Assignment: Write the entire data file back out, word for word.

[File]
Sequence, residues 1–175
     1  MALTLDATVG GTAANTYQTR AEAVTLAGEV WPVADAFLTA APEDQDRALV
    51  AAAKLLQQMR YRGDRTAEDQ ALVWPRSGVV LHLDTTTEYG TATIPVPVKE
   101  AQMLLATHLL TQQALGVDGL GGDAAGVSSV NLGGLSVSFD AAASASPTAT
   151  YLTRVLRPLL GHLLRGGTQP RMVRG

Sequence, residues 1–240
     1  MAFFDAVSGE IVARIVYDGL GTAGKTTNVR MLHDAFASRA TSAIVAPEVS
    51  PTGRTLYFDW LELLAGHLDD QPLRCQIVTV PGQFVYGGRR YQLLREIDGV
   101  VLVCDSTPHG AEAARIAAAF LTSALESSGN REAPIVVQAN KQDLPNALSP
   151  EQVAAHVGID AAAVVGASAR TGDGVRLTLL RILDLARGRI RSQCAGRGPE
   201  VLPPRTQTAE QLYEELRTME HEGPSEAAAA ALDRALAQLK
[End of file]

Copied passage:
Sequence, residues 1–175
     1  MALTLDATVG GTAANTYQTR AEAVTLAGEV WPVADAFLTA APEDQDRALV
    51  AAAKLLQQMR YRGDRTAEDQ ALVWPRSGVV LHLDTTTEYG TATIPVPVKE
   101  AQMLLATHLL TQQALGVDGL GGDAAGVSSV NLGGLSVSFD AAASASPTAT
   151  YLTRVLRPLL GHLLRGGTQP RMVRG

Sequence, residues 1–240
     1  MAFFDAVSGE IVARIVYDGL GTAGKTTNVR MLHDAFASRA TSAIVAPEVS
    51  PTGRTLYFDW LELLAGHLDD QPLRCQIVTV PGQFVYGGRR YQLLREIDGV
   101  VLVCDSTPHG AEAARIAAAF LTSALESSGN REAPIVVQAN KQDLPNALSP
   151  EQVAAHVGID AAAVVGASAR TGDGVRLTLL RILDLARGRI RSQCAGRGPE
   201  VLPPRTQTAE QLYEELRTME HEGPSEAAAA ALDRALAQLK